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Practical tips for conducting ethnography in a hospital environment

Researchers from South Africa and India share their experience of using ethnography as a research method in AMS and what they learnt from their study.
Hello, everyone. Welcome to this presentation. My name is Oluchi, and presenting with me are some of my colleagues, Vrinda and Surya. We are working on the ASPIRES project at research sites in South Africa and India. In the previous sessions, you will have been introduced to the use of qualitative methods to understand antibiotic prescribing in hospitals. In our research sites, we have employed ethnographic tools to explore antibiotic decision-making in selected surgical pathways, observing an interview with some health care professionals and patients involved in surgery. Whilst collecting data, we also commenced some preliminary analysis. And in this presentation, we share a bit of what we have learned.
Gaining access. For an ethnographic study, ethics approval is relevant. Following this approval, hardcore researchers contacted the selected surgical teams through key surgical team members. These key surgeons facilitated introduction to the rest of the teams. Meetings were held with these teams, where the study was introduced and a general overview was given. The specific objectives, that is to look at antibiotic prescribing and infection management, were not relayed, as this could lead to data bias. However, on being approached for an interview, or if any of the participants asked for specific objectives, we provided such. In both study sites, the teams gave approval for the researchers to observe practise and conduct interviews as required. Data collection and processing.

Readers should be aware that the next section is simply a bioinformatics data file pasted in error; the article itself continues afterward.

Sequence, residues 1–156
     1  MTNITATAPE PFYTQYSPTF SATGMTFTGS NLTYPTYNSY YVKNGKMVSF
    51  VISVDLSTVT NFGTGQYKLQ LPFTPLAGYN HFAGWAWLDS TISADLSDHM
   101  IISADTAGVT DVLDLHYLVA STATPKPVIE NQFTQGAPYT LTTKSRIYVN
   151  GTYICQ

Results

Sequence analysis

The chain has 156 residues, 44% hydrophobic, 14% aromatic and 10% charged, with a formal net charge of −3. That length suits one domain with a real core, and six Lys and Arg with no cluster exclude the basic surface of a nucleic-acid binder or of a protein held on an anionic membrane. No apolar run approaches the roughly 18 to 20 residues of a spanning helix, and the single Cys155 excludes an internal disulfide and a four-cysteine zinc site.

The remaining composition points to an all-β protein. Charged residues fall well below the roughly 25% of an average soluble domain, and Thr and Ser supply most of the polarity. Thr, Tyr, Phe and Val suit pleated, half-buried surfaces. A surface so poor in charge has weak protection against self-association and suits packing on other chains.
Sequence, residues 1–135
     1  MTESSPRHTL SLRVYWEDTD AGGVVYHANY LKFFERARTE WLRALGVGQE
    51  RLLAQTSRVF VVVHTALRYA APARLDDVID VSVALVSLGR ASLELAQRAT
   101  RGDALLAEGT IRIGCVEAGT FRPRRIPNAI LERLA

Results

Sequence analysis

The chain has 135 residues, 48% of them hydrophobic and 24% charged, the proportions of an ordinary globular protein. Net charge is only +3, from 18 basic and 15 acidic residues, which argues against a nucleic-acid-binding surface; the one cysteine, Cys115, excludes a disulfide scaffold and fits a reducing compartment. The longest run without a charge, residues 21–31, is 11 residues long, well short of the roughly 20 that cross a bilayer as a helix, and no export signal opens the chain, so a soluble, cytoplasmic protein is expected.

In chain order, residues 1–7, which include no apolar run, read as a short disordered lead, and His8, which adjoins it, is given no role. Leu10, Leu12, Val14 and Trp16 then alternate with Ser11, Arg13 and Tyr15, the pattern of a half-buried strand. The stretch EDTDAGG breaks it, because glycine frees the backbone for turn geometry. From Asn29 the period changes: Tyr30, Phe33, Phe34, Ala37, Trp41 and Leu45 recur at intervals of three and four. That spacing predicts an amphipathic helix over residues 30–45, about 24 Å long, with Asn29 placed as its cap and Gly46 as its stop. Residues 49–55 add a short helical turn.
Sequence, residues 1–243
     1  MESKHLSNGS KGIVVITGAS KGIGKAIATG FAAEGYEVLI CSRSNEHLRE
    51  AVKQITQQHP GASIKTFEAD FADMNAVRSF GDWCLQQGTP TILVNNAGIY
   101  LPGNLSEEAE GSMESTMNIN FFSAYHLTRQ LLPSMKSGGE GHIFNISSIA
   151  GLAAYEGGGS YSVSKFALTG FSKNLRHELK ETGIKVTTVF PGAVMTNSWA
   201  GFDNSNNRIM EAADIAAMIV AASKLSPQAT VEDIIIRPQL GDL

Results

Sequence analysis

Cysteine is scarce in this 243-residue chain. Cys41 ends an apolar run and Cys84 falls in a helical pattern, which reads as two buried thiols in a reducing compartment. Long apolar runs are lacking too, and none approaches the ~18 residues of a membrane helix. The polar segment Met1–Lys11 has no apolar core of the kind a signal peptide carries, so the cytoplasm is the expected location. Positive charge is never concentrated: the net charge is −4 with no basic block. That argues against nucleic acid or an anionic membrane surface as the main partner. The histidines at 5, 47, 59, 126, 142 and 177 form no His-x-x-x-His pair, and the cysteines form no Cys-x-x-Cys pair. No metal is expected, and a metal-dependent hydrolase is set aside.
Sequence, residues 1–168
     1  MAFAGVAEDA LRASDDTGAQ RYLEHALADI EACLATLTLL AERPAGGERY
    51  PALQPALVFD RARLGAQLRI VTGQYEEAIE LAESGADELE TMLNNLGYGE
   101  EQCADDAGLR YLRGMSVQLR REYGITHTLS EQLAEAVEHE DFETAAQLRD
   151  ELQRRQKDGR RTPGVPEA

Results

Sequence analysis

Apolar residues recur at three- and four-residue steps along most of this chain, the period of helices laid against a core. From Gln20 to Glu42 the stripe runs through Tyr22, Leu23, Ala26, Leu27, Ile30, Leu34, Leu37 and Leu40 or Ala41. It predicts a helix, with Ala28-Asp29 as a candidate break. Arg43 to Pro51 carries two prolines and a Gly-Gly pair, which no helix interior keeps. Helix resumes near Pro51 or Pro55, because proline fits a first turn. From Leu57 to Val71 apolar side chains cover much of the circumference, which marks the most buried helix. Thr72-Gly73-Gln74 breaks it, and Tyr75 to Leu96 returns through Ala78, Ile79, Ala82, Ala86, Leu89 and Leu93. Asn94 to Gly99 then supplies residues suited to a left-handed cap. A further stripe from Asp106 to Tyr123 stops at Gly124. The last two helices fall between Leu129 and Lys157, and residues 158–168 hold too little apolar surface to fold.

For data collection, we received extensive training with one of the study leads through pilot observations and interviews. We had discussions and reflections on the data collected. This highlighted our biases and assumptions. They also helped reorient us to the environment of the respective teams, and gave us some insight into the initial data quality. A data collection guide helped us to keep track of the research objectives. Ethnography is about observing participants in their natural environments. So we collected observational data as we shadowed the teams in their respective work environments. At times, we thought we seemed obtrusive, given that we were outsiders and non-participants to the research setting. Nevertheless, we showed up consistently.
We think such consistency enabled the researchers and participants get used to each other. Initially, we shadowed the same teams together, and compared notes after typing up our observations. With time, we grew more comfortable to split between subspecialties when it made errors. We’ve also learned to type up our observations promptly to aid detailed recall. For interviews, we approached the participant clinicians and patients individually with our request. Following this, we sent more formal invitation through email. We conducted interviews after informed consent was obtained. We used a semi-structured interview guide, and tried to keep our questions open-ended. This enabled participants to give detailed responses. With detailed responses to open-ended questions, participants seemed to become more at ease with the interview process.